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Pre de Bar, Pointe Raphael Borgis, and Super Integrale de Peuterey, New Route and Major Alpine Enchainment. From February 11 to 15, Patrick Pessi and opened a new route on Pre de Bar (Mont Blanc Massif, at the head of the Argentiere Basin between Mont Dolent and Aiguille de Triolet). The route (ED 5.9 A2+ 80 degrees mixed, 500m) took a logical, aesthetic line. The climbing, characterized by ice, aid, mixed and rock, was difficult and varied. The temperature was -20 degrees C throughout the climb.

The initial part of the route was characterized by a narrow ice gully that we climbed on the first day with points of aid when there was not enough ice. Going fast on one pitch, I took my first fall in the mountains. We bivied three pitches below our expected bivy site.

The next morning I wore my down jacket when I started climbing, and I kept it on for the next four days. The cold was intense. After the initial 200-meter gully we encountered the hardest aid pitch followed by a snow slope where we spent our second night.

The face was very steep, like a big wall. I asked Patrick, how is it possible to climb this crazy wall in winter? My phlegmatic friend said nothing but found some cracks and continued the ascent.

The third night we spent sitting on a bad ledge. I began the morning with the steepest aid pitch of our route. Patrick then climbed a lovely ice gully for eighty meters. We climbed the ice and hauled the bag, but not for a moment were we warm. We had never felt cold like this, but we were happy to find a new line on this small, but surprising, face.

After the final gully I thought we would finish the route, but the climbing was sustained to the top. We spent one more night two pitches below the summit. We could have finished in the dark, but felt it was better to top out and abseil in daylight.

Point 3683 meters, where our route topped out, had no name. We wanted to call it Point Raphael Borgis, in memory of our friend, a discreet, but very active, alpinist who lived near Briancon and died this winter.

Three days later, on February 19, Patrick Pessi, Patrice Glairon-Rappaz and started the Super Integrale de Peuterey on the south side of the Mont Blanc Massif. It took us ten days to complete this fantastic dream, first envisioned by the incredible Renato Casarotto. None of us had climbed the three routes we chose for the enchainment, making the integrale challenging and wonderful.

With twenty-six kilo packs each, and a trail to break through fresh snow, we needed two days for the approach. The first day we arrived at the Monzino Refuge. The second day we crossed the Freney Glacier to arrive at the bottom of the west face of the Aiguille Noire de Peuterey.

On February 21 we started to climb the first route, Ratti-Vitali (TD, 650m, 1939). We expected to do the route in one day and took equipment accordingly. However, the west faces are shady, and there was a lot of snow on the rock. After some fierce climbing combat, dry-tooling on 5.6 and snowy slabs in crampons, the night fell and we lost our way. We spent a winter night in nothing but our climbing jackets. Only once in our lives, we all agreed.

The next morning we climbed the hallucinogenic aid pitches of the 1939 route, followed by some very difficult rock pitches that felt much harder than indicatedby the guide book. This was certainly due to our big mountain boots and the snow? After all our laborious efforts we arrived at the top. Two photos later, we began the normal, but acrobatic, abseils of the Integrale de Peuterey. At 9 p.m we found our stove and our sleeping bags, and we were able to forget this deceptive TD. In some ways it was the most difficult route of the trip.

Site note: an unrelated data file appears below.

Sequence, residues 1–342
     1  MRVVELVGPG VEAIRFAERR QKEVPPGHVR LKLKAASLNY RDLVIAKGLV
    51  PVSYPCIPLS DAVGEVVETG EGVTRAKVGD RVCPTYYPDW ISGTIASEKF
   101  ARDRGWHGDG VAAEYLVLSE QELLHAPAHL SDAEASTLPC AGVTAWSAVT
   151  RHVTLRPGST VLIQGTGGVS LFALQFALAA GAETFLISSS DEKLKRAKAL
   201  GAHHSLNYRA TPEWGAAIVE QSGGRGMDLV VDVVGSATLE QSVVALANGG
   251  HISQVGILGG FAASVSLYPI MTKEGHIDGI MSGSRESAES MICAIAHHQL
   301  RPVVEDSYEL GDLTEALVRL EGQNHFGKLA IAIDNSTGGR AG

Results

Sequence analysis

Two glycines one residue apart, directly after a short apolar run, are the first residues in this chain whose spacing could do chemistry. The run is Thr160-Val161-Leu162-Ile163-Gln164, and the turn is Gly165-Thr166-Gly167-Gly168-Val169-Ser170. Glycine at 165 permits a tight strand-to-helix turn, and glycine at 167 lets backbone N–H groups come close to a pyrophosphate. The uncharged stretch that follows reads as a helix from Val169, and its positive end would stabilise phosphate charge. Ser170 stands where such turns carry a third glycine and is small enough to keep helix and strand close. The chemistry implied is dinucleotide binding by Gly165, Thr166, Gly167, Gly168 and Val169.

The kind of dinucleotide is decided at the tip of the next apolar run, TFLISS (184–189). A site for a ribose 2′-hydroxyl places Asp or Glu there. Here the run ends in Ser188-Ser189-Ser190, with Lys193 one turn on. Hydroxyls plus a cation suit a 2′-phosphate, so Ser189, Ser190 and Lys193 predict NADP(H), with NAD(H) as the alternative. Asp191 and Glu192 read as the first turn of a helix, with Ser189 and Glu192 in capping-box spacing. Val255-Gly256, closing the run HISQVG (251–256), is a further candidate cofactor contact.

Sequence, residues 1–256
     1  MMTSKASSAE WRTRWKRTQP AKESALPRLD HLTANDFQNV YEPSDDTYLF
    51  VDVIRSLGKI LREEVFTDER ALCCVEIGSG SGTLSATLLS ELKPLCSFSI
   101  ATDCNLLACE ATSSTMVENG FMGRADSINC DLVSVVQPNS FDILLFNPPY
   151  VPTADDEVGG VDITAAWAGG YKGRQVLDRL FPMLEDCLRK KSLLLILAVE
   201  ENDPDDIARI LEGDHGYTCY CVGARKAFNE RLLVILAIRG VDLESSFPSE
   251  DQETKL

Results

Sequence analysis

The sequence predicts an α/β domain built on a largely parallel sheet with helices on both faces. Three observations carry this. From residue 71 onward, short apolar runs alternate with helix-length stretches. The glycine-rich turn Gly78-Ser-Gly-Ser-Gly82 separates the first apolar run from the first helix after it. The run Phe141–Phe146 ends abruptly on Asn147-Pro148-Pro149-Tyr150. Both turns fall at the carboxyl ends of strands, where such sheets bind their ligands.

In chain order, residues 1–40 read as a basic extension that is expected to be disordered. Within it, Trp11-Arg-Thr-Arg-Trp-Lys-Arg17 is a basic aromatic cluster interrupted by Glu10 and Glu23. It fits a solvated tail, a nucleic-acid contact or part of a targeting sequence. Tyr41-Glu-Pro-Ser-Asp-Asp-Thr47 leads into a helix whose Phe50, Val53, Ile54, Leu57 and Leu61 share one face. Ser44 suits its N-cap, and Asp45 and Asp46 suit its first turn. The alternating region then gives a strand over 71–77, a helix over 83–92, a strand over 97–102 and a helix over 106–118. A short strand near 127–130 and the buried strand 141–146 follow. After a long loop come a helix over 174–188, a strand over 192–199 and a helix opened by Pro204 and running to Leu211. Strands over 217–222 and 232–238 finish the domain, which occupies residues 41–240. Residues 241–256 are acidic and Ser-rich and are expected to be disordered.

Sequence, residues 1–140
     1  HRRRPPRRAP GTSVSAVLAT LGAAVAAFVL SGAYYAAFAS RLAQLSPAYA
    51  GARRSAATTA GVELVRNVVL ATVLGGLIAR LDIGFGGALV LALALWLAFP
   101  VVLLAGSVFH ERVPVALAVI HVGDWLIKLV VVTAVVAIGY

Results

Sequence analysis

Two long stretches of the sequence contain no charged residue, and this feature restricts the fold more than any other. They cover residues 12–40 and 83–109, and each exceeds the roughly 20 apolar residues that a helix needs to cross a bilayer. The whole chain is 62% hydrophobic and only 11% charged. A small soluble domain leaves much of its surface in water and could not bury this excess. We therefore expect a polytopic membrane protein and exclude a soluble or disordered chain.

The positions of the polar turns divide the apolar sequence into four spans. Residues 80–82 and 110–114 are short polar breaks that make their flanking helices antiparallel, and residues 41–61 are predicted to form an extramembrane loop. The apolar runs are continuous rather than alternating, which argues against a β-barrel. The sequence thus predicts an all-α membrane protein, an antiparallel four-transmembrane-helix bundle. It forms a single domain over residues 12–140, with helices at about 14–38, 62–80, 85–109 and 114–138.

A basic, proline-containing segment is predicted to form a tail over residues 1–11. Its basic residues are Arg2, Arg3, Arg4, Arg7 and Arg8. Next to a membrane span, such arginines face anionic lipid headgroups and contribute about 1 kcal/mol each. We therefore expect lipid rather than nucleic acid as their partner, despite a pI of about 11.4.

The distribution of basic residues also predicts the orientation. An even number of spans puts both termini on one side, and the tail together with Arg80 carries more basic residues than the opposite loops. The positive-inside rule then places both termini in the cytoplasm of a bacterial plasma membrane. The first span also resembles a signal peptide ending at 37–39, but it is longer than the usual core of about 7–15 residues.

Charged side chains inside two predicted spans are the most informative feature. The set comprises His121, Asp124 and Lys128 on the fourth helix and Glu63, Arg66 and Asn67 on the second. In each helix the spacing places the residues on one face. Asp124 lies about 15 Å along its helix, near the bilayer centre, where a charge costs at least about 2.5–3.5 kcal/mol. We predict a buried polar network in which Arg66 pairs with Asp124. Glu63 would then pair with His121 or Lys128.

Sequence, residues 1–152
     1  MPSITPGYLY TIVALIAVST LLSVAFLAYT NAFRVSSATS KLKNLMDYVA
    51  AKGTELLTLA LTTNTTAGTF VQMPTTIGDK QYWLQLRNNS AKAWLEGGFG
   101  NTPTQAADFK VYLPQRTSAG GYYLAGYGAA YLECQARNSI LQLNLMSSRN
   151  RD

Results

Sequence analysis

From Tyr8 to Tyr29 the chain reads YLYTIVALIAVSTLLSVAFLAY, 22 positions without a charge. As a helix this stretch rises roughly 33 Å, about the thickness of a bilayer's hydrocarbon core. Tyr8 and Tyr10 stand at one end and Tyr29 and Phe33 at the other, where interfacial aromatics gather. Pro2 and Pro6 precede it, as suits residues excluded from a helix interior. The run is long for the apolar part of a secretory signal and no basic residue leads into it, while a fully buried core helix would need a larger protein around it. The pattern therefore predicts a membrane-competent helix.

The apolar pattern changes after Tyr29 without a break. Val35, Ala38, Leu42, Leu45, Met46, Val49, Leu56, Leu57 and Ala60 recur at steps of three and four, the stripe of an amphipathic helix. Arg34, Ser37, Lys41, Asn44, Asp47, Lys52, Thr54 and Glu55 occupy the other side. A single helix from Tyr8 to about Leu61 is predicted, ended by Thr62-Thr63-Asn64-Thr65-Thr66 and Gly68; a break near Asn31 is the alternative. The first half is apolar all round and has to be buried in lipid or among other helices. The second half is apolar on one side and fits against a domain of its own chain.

The next day we rested for two reasons: we were tired, and because we would need to cross dangerous snow slopes to access the Gugliermina Needle. Because of this, we started the Boccalatte-Gervasutti (TD+, 600m, 1938) at midnight on February 24. We took all of our equipment on the route; slowed by the haul bag, we spent two days on the ascent. The weather was fantastic, and we had an incredible view. This is one of the most beautiful routes of its grade in the Mont Blanc Massif.

On the crossing of the Aiguille Blanche de Peuterey the weather turned and we lost time finding our way. On the Col de Peuterey we decided to forego a bad night in bad weather and went to the Eccles Bivouac. There we found Patrick Berhault and Philippe Magnin, who were climbing a route a day on the pillars of Brouillard and Freney (see note, pp. 88-89 -Ed.). We arrived at 4 a.m. on February 26, rested a day, and left on February 27 at 5 a.m.

At this point we began to get hungry, because we had brought food for only eight days. We had two days’ worth remaining, but it was less than our stomachs wanted. We were very tired as we climbed the Freneysie Pascale (ED- VI 6, 700m, Gabarrou-Marsigny, 1984), and the weather was bad. We climbed the ninth day in a snow storm and spent our last night below the crux ice pitch.

After the two final hard pitches and a 200-meter classical gully, we exited on the Brouillard Ridge, and at 6 p.m on February 28 we were on the top of Mont Blanc. The weather was good, though cold (-20 degrees C), and a sixty kilometer-per-hour wind was blowing. There were clouds under our feet at the 4000-meter level.

Having realized one of our alpine dreams, we were moved and happy. We crossed the three summits of Mont Blanc and returned home, to rest, savor the success and plan new projects.

– Stephane Benoist, Nice, France

Editor’s Note: The Integrale de Peutery, first climbed by Renatto Casarotto, enchains the Aiguille Noire de Peuterey, Aiguille Blanche de Peuterey, Col de Peuterey and then the summit of Mont Blanc de Courmayeur via the crest of the Grand Pilier d’Angle. The Super Integrale consists of more difficult routes on the Aiguille Noire, Aiguille Blanche and Mont Blanc de Courmayeur.